I’m not recommending that you relinquish your own perspective. You need to develop a “relationship” perspective that features a good grasp of how the situation is understood by your partner as well as by your self. This perspective generates and affirms the middle ground. Achieving this step takes determination. Remember understanding how your partner feels from within his or her purview does not mean you are acknowledging that this perspective is correct. You are not surrendering your point of view. You are simply acknowledging that it is not the only legitimate point of view.


Complex issues need to be broken down into manageable chunks. To do this, you’ve got to have a way to punctuate the boundaries between the related, but separate, stages of dialogue. Without a method for temporarily discontinuing the talk, getting restarted can feel too over whelming to even attempt.

Using time-outs can allow you a sense of control in the pacing of your dialogue. In the case of complex and/or difficult emotional issues this can make the difference between whether you can or can’t discuss an issue productively. Without a prearranged signal to allow a safe method for temporarily suspending the dialogue, restarting it will be more difficult.

Recommendation: Devise your time-out signal together if possible. It can be as simple as raising a finger on either hand or more elaborate if you wish. Prepare yourself to respond graciously if your partner should voice need for a time-out. Using time-outs does not mean that difficult issues go unaddressed. It does mean that partners have to work as a team to keep the flow of conversation going not simply within a single talk but between talks as well. Carve a niche in your relationship that honors this dimension of awareness and sensitivity.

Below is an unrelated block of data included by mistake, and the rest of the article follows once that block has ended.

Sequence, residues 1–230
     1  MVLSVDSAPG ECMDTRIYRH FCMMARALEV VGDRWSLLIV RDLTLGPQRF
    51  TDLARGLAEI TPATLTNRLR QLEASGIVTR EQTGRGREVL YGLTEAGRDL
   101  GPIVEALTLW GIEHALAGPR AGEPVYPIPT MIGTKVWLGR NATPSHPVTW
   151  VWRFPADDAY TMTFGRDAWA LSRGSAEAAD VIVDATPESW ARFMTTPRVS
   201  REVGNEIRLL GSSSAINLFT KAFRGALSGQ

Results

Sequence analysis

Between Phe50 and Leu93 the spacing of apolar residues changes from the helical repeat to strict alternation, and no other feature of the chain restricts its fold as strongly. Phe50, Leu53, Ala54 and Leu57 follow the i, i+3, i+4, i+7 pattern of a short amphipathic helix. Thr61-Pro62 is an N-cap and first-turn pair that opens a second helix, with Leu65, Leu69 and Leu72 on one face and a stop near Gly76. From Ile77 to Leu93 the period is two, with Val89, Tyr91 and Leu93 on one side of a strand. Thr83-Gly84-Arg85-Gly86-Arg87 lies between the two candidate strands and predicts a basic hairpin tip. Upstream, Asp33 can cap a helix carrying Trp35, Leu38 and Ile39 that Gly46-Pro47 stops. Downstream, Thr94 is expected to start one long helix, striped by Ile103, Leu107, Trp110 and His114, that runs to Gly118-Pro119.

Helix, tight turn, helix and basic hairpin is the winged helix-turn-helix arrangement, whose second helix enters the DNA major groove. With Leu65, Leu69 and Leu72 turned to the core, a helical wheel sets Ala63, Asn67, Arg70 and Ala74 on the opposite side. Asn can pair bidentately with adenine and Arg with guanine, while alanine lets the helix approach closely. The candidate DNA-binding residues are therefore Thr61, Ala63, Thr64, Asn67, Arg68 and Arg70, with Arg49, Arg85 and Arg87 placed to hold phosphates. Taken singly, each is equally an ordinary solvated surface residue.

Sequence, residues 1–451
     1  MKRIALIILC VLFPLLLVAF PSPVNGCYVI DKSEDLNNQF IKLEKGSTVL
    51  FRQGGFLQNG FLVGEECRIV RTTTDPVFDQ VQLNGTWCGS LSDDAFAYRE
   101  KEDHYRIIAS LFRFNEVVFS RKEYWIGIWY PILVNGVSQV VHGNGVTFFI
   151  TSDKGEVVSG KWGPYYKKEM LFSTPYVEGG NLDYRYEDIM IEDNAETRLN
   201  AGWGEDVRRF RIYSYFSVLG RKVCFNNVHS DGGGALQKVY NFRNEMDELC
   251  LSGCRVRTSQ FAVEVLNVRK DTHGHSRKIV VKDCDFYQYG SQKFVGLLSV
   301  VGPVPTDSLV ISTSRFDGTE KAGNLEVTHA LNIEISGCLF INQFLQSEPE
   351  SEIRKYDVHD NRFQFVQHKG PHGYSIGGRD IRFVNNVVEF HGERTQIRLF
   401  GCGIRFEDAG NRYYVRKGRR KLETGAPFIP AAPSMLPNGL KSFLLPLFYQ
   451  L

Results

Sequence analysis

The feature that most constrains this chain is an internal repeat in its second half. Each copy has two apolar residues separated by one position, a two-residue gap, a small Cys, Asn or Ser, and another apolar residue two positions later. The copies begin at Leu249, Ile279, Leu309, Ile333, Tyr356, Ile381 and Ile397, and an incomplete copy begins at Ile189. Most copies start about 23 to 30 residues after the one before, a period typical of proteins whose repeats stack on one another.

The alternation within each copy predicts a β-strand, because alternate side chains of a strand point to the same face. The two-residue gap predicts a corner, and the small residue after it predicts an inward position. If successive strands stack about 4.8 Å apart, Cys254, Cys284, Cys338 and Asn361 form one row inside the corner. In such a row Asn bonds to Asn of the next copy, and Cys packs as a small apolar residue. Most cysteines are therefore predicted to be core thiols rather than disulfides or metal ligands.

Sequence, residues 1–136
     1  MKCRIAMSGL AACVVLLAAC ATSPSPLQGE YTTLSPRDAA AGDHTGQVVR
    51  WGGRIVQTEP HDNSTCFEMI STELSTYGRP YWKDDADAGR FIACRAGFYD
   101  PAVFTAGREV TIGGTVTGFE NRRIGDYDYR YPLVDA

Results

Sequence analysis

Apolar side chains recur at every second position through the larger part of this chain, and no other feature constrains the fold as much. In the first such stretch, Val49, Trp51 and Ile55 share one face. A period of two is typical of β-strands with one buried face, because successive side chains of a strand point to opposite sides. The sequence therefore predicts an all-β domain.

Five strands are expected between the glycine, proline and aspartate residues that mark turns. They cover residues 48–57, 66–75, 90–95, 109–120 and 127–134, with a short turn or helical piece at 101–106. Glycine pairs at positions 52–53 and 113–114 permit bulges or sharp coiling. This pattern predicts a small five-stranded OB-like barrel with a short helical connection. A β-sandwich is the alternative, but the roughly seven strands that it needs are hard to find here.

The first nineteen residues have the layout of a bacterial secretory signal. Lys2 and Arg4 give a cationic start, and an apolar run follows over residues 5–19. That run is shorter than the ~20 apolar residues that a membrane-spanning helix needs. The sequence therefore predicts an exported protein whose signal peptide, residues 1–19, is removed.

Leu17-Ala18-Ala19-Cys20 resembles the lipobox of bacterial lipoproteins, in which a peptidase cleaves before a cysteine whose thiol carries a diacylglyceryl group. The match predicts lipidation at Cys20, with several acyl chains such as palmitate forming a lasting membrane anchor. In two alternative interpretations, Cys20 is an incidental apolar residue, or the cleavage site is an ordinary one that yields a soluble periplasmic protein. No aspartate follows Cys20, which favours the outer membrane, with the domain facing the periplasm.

Illustrating the Time-Out

Vickie and Damian were in the midst of a heated and often explosive marital impasse when they began couples’ therapy with me. Damian acknowledged having had an affair but said that, if it were possible, he wanted to work out his relationship with Vickie.

Vickie felt unable to talk with him about anything without becoming enraged and verbally abusive. She seemed to become equally enraged when accusing him of leaving the cap off the tooth-paste as when discussing his having had the affair. She described her situation this way: “I’m unwilling to open any of this up, even though I realize that without discussing it, it’s festering and the anger is going to continue and probably grow. I keep feeling that any attempt at talking about our feelings may bring the relationship to an end.”